THE army should be deployed on the Border to stop people who flout lockdown restrictions travelling from England to Scotland, a Highland councillor has said.

The call comes amid increasing concerns among politicians that Boris Johnson’s decision to relax lockdown rules in England will spark an influx of people coming to the Highlands.

Roddy McCuish, independent councillor for Oban South and the Isles and depute provost of Argyll and Bute, said he had noticed an upsurge of non-local people in the area.

He told the Sunday Post: “Now the Prime Minister has relaxed the lockdown in England it is obvious to me that the situation is going to get worse. If it’s going to get worse in Oban and the west, then it’ll be the same across the Highlands and Islands.

“I’d like to see stricter controls to stop people getting here. Until we, Scotland and England, are doing the same thing I would like to see some sort of border control.

“I personally would put the army on the border and get them to stop people.”

READ MORE: SNP MP calls for Border to be policed if English lockdown is eased

His call comes after Ian Blackford was forced to tell people to “stay away” from the Highlands following author Neil Gaiman’s admission that he travelled 12,000 miles from New Zealand to his holiday home on Skye during lockdown.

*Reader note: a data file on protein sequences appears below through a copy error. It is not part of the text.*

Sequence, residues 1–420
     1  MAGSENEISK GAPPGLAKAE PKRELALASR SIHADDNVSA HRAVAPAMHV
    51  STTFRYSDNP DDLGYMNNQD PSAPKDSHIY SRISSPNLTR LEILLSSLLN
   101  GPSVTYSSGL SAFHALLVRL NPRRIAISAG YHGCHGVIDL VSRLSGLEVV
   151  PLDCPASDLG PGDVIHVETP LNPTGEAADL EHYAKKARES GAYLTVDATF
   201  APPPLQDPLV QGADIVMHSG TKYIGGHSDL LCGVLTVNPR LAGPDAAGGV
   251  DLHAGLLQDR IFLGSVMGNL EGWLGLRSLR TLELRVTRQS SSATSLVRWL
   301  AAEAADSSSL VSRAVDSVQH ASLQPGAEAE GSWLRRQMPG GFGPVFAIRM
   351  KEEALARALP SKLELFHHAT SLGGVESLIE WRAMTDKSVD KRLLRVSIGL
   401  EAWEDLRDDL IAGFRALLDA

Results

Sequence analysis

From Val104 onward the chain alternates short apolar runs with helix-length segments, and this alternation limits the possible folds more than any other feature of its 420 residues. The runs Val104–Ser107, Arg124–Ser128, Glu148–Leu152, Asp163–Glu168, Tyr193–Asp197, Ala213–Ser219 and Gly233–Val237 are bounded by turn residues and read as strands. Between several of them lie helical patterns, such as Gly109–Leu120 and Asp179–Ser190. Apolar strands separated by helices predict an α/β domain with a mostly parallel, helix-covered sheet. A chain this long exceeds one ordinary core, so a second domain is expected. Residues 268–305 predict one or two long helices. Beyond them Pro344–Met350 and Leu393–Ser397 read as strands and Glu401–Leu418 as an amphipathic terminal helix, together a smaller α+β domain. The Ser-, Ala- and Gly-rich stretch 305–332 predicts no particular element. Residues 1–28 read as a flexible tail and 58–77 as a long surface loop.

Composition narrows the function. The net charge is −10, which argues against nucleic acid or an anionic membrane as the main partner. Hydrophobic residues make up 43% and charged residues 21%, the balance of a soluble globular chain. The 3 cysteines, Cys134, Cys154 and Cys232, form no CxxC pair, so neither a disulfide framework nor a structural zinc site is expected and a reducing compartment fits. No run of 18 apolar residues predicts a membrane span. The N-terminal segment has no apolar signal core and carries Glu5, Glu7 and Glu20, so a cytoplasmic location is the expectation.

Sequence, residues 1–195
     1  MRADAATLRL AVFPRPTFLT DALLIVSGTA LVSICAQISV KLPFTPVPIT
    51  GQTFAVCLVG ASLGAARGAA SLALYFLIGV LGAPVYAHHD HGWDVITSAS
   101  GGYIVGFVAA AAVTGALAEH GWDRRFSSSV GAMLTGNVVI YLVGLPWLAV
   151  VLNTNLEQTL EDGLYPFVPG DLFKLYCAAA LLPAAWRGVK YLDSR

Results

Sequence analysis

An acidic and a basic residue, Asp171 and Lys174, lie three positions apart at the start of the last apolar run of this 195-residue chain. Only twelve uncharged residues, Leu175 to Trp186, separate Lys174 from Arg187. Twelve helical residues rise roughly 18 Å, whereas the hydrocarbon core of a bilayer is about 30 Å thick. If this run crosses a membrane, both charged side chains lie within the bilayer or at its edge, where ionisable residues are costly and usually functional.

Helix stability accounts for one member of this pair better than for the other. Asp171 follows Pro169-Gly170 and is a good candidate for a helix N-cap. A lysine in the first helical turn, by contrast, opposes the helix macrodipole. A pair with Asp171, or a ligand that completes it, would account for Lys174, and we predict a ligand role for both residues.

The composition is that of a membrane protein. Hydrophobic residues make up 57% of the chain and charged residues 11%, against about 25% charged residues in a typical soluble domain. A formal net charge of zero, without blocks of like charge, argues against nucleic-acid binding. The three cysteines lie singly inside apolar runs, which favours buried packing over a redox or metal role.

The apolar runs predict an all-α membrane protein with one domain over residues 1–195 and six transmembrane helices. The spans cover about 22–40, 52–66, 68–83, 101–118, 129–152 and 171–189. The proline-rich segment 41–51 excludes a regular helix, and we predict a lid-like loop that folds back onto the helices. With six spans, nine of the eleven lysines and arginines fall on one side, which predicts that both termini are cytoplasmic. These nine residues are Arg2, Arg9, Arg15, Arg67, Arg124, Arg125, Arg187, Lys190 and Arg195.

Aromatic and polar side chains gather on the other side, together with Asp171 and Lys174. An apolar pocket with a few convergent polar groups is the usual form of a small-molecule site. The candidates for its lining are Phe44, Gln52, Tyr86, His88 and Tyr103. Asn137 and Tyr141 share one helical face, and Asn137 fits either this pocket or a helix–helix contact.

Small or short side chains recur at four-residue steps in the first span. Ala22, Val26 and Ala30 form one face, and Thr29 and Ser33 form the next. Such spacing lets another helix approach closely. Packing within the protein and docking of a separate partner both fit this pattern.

Highland councillor Liz MacDonald, from Nairn, said: “Second home owners are sneaking in. I’ve heard all sorts of stories. Police are doing their best and taking registration numbers but they’re even arriving by train.”

The UK Government last week ditched the “stay home” message in favour of “stay alert” as it eased restrictions on outdoor exercise and travel. Official guidance states that people in England can travel long distances to see their family and friends, as long as they respect social distancing rules. However, it clarifies that they should not be making trips to other parts of the UK.

READ MORE: Ian Blackford says 'stay away' after author's 12,000-mile trip to Skye

The devolved administrations of Scotland, Wales or Northern Ireland rejected the move and have maintained stricter lockdown rules.

The Scottish Government commented: “Our message remains the same: stay home, protect the NHS and save lives. People must avoid travelling unless it is essential, and must not travel to second homes.”